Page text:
An in-depth, analytic look at the unorthodox swing of Hosung Choi.
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One of the most unusual golf swings in professional golf takes center stage this week when South Korean native and two-time Japan Golf Tour winner Hosung Choi makes his PGA Tour debut in the AT&T Pebble Beach Pro-Am. For a detailed breakdown of Choi’s swing and, in particular, his unique spin-o-rama finish, check out the following frame-by-frame analysis from Golf Channel Academy lead coach Eujone “EJ” Kim.
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Hosung flares his trail foot out and sets up really closed to the target at address, which helps him rotate his upper torso deeper on the backswing and deliver the club more from the inside.
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Hosung, 45, is a late bloomer - he didn’t take up golf until his mid-20s - but he’s somehow figured out that when he squats down, he can apply more energy into the ground and generate a lot more force.
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BEST MOVE: As much as his lower body is trying to race out and rotate, he does a super job of catching his arms up to his chest and syncing his upper and lower body. Note how little his hips have moved from the previous frame but how far his hands and club have traveled. That’s some serious arm speed!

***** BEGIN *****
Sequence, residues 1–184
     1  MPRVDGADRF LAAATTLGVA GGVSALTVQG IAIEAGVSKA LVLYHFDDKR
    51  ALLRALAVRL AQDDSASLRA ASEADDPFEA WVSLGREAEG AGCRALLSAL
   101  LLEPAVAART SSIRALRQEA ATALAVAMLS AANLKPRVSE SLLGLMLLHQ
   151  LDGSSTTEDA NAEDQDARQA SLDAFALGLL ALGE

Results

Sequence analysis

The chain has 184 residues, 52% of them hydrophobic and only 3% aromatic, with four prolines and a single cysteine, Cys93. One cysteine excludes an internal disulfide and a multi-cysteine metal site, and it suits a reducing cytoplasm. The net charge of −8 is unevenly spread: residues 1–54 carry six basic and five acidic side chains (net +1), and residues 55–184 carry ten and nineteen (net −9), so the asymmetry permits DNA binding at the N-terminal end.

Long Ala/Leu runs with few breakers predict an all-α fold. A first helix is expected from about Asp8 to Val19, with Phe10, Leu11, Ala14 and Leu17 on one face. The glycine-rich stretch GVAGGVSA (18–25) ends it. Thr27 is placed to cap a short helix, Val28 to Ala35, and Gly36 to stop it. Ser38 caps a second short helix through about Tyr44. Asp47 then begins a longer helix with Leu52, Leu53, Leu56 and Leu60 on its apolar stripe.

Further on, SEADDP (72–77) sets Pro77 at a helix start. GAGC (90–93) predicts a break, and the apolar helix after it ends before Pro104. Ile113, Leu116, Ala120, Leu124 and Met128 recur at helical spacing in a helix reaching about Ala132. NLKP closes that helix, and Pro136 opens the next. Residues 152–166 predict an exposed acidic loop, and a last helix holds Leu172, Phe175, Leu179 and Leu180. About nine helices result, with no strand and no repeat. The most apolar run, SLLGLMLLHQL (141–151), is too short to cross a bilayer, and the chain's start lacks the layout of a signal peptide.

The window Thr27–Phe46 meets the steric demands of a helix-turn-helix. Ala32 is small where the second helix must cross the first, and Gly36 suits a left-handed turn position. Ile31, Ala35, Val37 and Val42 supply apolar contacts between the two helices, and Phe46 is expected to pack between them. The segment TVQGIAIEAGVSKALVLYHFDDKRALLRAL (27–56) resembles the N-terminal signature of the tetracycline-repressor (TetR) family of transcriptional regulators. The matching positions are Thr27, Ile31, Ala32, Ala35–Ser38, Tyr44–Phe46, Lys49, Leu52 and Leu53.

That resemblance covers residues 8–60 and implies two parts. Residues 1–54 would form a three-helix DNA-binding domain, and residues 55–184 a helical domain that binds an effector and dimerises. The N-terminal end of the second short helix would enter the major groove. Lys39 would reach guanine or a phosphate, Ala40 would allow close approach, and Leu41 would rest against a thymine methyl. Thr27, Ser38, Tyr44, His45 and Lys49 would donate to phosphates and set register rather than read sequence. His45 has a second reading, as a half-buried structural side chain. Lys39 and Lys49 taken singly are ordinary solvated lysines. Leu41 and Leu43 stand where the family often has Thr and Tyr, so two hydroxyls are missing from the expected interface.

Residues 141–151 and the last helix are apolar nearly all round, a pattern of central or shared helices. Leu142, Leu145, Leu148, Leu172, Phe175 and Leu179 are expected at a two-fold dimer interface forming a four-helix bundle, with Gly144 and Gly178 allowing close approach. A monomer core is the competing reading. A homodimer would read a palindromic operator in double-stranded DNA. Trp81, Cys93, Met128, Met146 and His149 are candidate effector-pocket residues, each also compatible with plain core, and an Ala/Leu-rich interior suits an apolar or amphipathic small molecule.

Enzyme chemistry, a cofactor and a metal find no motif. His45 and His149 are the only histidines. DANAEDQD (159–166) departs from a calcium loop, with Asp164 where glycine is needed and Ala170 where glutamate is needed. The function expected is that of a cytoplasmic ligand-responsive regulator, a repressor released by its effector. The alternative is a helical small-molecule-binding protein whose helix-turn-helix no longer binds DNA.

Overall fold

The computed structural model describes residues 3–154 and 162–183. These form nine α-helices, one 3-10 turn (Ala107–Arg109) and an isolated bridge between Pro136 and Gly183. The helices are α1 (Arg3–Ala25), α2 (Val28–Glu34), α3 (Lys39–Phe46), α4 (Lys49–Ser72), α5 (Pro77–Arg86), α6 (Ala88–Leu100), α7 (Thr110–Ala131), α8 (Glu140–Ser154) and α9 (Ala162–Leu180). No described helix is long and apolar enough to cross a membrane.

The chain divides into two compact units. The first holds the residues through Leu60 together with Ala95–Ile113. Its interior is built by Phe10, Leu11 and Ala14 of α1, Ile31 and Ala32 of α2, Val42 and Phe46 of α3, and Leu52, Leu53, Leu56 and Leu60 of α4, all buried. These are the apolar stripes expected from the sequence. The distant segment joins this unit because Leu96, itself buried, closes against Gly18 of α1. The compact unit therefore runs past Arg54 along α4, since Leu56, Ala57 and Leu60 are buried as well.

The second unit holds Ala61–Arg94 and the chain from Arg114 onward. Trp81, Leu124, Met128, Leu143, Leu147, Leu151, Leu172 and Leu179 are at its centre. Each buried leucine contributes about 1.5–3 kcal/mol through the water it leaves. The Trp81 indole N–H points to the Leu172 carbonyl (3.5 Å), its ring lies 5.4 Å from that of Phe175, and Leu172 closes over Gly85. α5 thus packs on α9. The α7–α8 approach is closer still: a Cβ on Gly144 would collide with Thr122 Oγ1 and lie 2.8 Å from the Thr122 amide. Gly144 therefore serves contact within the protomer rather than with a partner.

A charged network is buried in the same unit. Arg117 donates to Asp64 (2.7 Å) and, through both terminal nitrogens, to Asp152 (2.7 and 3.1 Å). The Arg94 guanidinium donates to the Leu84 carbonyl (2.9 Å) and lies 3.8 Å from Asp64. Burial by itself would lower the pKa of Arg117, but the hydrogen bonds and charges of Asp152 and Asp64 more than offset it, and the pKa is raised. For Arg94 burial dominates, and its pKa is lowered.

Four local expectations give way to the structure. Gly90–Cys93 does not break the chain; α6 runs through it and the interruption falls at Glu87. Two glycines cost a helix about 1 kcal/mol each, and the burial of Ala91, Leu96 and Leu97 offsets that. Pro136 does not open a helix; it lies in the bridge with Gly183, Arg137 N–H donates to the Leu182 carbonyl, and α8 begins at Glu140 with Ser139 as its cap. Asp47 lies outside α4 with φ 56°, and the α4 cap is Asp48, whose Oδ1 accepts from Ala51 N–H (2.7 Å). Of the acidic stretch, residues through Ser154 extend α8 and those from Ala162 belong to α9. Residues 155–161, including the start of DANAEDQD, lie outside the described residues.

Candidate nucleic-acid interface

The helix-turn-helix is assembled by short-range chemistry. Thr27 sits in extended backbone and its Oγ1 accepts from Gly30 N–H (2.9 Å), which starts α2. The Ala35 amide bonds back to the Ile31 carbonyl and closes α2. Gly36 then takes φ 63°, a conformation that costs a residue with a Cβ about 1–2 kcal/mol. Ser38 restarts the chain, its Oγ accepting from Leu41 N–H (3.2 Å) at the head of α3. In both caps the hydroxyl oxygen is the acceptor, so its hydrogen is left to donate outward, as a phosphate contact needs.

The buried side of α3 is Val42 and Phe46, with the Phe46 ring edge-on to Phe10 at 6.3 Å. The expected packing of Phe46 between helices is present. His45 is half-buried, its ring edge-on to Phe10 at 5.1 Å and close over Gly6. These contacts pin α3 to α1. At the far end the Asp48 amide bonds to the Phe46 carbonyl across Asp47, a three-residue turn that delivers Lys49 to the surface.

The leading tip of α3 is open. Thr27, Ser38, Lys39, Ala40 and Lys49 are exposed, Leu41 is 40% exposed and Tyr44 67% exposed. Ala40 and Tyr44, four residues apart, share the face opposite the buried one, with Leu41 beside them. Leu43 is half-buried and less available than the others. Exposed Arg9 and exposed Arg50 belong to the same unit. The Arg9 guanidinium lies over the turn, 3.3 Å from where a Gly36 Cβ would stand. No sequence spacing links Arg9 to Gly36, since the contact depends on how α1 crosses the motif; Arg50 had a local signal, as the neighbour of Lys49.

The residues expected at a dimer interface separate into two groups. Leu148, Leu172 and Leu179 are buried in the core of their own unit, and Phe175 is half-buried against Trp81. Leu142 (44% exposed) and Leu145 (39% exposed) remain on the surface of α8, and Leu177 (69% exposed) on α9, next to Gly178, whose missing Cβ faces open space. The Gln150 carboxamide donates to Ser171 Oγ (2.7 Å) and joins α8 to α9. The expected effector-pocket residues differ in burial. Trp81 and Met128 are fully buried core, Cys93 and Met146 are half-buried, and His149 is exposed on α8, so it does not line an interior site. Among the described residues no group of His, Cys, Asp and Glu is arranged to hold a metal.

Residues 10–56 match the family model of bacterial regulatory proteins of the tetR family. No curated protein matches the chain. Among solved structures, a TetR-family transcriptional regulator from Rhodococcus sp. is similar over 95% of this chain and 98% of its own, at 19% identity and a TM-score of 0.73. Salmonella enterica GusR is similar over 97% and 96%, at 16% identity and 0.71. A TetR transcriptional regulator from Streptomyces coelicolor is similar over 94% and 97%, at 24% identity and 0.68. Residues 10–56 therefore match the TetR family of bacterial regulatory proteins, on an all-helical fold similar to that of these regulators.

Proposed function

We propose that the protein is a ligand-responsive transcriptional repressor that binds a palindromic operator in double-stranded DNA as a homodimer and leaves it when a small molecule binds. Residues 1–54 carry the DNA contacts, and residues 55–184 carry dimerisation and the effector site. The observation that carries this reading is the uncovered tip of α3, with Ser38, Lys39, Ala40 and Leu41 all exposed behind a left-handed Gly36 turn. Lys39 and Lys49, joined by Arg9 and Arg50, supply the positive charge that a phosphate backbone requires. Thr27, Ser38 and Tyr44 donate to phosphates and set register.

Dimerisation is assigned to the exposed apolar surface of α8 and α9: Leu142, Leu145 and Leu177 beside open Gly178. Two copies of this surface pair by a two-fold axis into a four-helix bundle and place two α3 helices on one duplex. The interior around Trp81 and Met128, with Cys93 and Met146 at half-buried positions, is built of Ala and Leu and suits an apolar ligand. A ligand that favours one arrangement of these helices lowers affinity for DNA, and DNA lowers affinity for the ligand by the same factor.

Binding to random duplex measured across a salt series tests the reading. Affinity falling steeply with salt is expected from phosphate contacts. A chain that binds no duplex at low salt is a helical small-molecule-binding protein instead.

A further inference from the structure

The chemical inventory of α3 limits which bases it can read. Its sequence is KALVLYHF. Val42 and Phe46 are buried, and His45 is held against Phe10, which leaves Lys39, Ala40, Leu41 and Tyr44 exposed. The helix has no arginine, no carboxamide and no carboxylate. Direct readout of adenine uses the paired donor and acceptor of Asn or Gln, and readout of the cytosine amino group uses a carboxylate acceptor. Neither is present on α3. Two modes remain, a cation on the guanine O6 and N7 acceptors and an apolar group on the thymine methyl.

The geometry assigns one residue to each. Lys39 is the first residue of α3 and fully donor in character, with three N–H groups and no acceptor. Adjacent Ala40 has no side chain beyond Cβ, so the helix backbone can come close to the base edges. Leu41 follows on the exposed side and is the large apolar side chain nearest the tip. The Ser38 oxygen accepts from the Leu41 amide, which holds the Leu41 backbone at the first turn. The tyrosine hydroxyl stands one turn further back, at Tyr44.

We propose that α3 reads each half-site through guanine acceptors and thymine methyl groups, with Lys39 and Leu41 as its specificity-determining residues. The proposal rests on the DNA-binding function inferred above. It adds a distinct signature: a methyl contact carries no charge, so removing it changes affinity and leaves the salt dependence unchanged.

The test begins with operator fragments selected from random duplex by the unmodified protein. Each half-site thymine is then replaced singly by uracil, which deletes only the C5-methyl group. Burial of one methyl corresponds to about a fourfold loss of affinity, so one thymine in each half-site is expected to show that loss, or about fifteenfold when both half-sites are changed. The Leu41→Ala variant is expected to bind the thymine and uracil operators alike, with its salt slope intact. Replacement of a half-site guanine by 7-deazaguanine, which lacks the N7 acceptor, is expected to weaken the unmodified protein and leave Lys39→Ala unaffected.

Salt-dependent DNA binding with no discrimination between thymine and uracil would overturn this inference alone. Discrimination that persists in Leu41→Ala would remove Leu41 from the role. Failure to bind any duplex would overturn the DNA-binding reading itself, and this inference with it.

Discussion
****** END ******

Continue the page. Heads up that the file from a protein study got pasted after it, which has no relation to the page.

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Hosung’s trail foot is almost completely off the ground, reminiscent of a Justin Thomas or Lexi Thompson at impact, but what stands out here is the full, powerful extension to his arms. This is a byproduct of a good rotary motion and the club swinging down from the inside.
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Up until this point, there really isn’t anything unusual about his swing. But because he’s literally jumping off the ground at impact, and so much of his momentum is being thrust forward and around to his left, the trail foot has to come up off the ground.
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The wild spin is a result of his tremendous rotary action. His pelvis has rotated a full 180 degrees from where it started at address, so much so that his belt is now facing the Pacific Ocean!
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There’s so much rotation to his body that he looks as if he’s straining his neck and having a hard time following the flight of the ball. He’s getting absolutely everything he can out of his swing. (Choi’s average driving distance on the Japan Golf Tour is 284 yards.)
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Not your normal finish position here. Hosung recoils the shaft back down in front of him, but unlike a Patrick Reed or Nick Price he’s pointing the shaft 30 yards left of the target, not 30 yards right. He almost looks like a baseball player admiring a home run.
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Eujone 'EJ' Kim is the Golf Channel Academy lead coach and co-owner/operator of Axis Golf Academy and Fitting Center in the northern Houston suburb of Montgomery. One of Golf Digest’s “Best Young Teachers in America,” EJ once served as a translator for eight-time PGA Tour winner K.J. Choi. For more information about Axis Golf Academy or to book a lesson, please visit axisgolfacademy.com.